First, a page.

Settling in to a new school by @missjavery

Name: Jennifer Avery
Twitter name: @missjavery
Sector: Secondary
Subject taught (if applicable): English
Position: NQT
What is your advice about? Settling in to a new school

  1. Get to know your department – they are the ones who will help you out when you really need it.
  2. Find out where to access any shared resources, and how to add to it. Most departments will plan together to create a generic scheme of work to work off.
  3. Get to know the support staff. Although not a complete list: TAs, Learning Mentors, IT Support, Caretakers, Cover, Timetabling, Cleaners. They will know more than you!
  4. Know the behaviour policy inside out. There is nothing worse than not being clear on expectations or where (or who!) to escalate the issue to.
  5. Know what is expected of you. Do most teachers run extracurricular activities? How often should you mark books?

UCAS References by @RequireImprove

Name: Requires Improvement
Twitter name: @RequireImprove
Sector: Secondary
Subject taught (if applicable): Phyiscs
Position: Teacher & 6th form tutor
What is your advice about? UCAS References

  1. Get as much done in summer term, year 12 as you can. The deadlines in autumn come up very quickly, especially for Oxbridge & Medicine.
  2. Don’t over-inflate predictions (rounding up to the next grade is usually OK). There’s no point a student getting an offer that they have no chance of meeting.
  3. If year 11/12 grades are below expectations, try to explain what went wrong and what the student has done about this.
  4. One big reason unis are interested in extra-curriculars is that they show “spare capacity” beyond school/college work. If that is caring for families, that’s good to mention.
  5. Showing an interest in the subject beyond lessons is good, independent interest is even better. Facilitating student-run activities will help applicants a lot.

Outside Speakers by @iteachRE

Name: Andy Lewis
Twitter name: @iteachRE
Sector: Secondary
Subject taught (if applicable): RE
Position: Head of Year 11 & 2nd i/c RE
What is your advice about? Outside Speakers

  1. Work on personal recommendation if possible – ask for a reference (that you can contact directly).
  2. Ask to see material in advance – PPTs, handouts etc.
  3. Check their requirements – rooming, projector, sound etc.
  4. Ensure they are “top and tailed” – introduce, set expectations… and then thank at the end!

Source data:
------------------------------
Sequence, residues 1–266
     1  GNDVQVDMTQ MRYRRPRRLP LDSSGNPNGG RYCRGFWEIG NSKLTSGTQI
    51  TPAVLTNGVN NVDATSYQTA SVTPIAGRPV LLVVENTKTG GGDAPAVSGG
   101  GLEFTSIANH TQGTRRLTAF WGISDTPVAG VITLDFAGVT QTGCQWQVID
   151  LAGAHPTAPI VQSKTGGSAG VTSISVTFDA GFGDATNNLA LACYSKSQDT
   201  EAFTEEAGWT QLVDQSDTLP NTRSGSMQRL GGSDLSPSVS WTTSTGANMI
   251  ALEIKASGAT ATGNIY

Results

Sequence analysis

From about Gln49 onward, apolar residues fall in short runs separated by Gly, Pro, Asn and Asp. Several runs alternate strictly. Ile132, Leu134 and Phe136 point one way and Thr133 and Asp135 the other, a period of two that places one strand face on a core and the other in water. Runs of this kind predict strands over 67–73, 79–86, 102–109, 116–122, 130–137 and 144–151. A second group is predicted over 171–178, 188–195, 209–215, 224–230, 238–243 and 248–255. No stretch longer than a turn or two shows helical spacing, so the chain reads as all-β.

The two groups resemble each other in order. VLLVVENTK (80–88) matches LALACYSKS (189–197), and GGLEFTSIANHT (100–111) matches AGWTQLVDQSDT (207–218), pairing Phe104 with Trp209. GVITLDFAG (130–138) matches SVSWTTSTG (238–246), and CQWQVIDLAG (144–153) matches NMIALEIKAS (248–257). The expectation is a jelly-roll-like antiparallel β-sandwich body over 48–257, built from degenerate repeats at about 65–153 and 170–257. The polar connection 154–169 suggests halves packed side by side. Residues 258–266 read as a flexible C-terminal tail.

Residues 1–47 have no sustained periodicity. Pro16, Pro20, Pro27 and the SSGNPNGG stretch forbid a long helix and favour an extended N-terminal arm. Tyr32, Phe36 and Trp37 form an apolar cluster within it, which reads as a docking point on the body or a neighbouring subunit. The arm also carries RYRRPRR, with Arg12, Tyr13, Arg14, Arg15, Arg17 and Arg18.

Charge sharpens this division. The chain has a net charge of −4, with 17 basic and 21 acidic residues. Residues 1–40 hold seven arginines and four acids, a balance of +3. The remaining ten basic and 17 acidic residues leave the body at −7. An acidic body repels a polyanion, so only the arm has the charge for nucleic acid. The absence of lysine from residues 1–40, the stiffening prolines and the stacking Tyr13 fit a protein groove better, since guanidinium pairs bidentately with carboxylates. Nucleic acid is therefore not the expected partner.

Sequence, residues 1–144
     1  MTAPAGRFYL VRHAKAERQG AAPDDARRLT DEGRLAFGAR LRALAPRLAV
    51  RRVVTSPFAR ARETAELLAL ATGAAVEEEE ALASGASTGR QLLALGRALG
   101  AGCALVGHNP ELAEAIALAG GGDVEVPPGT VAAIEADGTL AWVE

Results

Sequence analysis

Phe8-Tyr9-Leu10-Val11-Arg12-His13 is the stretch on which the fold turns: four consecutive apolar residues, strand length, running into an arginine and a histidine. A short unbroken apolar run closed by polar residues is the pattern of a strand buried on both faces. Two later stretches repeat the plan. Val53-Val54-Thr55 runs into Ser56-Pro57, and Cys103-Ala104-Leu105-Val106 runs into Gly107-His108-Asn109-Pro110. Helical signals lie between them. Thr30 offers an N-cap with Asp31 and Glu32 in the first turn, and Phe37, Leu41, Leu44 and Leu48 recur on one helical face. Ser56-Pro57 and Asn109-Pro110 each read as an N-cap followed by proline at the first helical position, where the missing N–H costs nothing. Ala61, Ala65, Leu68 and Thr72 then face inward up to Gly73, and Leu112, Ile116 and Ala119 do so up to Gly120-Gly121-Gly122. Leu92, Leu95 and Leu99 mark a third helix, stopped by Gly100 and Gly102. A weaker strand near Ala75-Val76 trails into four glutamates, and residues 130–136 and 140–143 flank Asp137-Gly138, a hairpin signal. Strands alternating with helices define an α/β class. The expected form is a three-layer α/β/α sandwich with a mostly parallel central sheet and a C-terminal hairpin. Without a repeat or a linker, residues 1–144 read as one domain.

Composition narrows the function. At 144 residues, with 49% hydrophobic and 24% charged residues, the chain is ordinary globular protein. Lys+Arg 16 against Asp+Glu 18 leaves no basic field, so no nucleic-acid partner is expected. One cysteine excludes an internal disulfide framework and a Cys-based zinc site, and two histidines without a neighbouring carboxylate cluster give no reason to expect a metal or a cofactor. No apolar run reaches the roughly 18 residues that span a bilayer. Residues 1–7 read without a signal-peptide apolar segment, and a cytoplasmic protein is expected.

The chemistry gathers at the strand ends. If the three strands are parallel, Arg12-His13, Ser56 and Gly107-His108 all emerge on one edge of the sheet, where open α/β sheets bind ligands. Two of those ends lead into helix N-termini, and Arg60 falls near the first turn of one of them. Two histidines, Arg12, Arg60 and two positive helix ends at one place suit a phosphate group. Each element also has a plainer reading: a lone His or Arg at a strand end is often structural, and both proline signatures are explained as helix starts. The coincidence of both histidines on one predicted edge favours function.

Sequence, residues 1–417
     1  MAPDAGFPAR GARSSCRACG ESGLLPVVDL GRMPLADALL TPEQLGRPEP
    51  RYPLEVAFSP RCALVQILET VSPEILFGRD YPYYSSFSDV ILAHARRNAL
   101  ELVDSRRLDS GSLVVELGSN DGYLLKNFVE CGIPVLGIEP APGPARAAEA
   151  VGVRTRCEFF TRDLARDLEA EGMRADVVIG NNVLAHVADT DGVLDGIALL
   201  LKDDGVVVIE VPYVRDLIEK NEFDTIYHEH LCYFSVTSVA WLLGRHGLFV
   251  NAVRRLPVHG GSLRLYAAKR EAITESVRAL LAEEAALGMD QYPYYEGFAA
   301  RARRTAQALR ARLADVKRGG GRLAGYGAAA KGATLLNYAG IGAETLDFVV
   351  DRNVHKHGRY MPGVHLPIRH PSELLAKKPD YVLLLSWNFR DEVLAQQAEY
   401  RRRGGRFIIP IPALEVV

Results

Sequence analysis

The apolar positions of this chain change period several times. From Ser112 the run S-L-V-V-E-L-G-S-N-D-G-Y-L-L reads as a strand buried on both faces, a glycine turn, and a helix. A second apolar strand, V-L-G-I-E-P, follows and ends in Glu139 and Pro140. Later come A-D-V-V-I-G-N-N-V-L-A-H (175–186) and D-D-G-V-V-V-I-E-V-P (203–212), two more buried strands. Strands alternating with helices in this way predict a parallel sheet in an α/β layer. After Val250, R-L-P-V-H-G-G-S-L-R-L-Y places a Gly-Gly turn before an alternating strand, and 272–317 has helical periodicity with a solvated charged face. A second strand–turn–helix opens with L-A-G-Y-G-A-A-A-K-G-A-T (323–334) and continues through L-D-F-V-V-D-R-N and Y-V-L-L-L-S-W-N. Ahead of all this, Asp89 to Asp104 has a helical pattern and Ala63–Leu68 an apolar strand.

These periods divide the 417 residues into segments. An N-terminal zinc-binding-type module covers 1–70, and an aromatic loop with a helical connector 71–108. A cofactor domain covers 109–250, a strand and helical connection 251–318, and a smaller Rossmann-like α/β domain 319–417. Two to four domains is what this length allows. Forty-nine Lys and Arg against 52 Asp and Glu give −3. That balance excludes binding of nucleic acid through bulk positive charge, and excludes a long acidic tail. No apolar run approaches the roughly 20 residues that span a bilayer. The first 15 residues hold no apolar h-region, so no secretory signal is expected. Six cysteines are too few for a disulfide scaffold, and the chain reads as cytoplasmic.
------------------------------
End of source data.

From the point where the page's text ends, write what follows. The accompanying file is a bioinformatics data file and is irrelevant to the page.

5. Have a back up plan if they don’t turn up!

Instructional Routines by @davidwees

Name: David Wees
Twitter name: @davidwees
Sector: Early Years,Primary,Secondary,Special school
Subject taught (if applicable): Math
Position: Formative Assessment Specialist
What is your advice about? Instructional Routines

  1. Establish instructional routines for teaching math.
  2. Use one of these instructional routines everyday until you and your become completely fluent in the steps of the routine.
  3. Use routines other people have invented already and ideally ones which you have experienced directly yourself. There’s no reason to re-invent teaching everyday.
  4. Make sure that the routines offer you opportunities every time you use them to see how your students understand the math that day.
  5. Once you and your students become fluent in the steps, test different decisions within the routine and see what happens. Find a colleague to talk about this work with you.

Working With Science Technicians by @emc2andallthat

Name: Gethyn Jones
Twitter name: @emc2andallthat
Sector: Secondary
Subject taught (if applicable): Physics
Position: Head of Physics
What is your advice about? Working With Science Technicians

  1. Science techs often have an eclectic mix of backgrounds. Some will have more experience and knowledge than you — get to know them!
  2. Submit your lab reqs on time in the appropriate format. Although a custom more honoured in the breach than in the observance, your effort is appreciated.
  3. Make sure it’s a two way conversation: lab techs may need to clarify or amend your reqs — or act as gotbetweens when there are equipment clashes. Be flexible!
  4. Set up a book of “Standard Pracs” that other staff can use. It can be a great timesaver!
  5. Count things out — and count them back again!

5 easy ways to differentiate

Sector: Secondary
Subject taught (if applicable): English
Position: Literacy and Language Co-ordinator
What is your advice about? 5 easy ways to differentiate

  1. Active listening – give student question before you read passage. I guarantee they will listen more effectively to whole passage/poem.
  2. Active reading – tell the student what she is reading to answer but don’t overload – one thing (similar affect to 1).
  3. Active error spotting – put up a factual piece of information on the board and get them to find three errors. If time give them paper copy too.
  4. Images for sequencing – for a science experiment or drama piece – let them take photographs – upload into writing frame – student writes about what they’ve done.
  5. Write out a plan for an essay (preferably with student but not necessarily) ask them to write really good quality introduction, conclusion or middle paragraph (only 1 not all)

Hot Weather by @iteachRE

Name: Andy Lewis
Twitter name: @iteachRE
Sector: Secondary
Subject taught (if applicable): RE
Position: Head of Year 11 & 2nd i/c RE
What is your advice about? Hot Weather

  1. Open windows first thing in the morning. Work out the optimum blind / window position.
  2. Encourage students to fill water bottles at break or lunch. If you let out one, they’ll all want to go.
  3. When Y11/12/13 go on study leave or are taking exams, move your class to rooms with air con, or are just cooler.
  4. Students can be reluctant to take off blazers, jumpers and cardigans. Gently encourage them to do so – especially if they are red faced!
  5. Think about things that generate heat – is it a good opportunity to switch off the projector?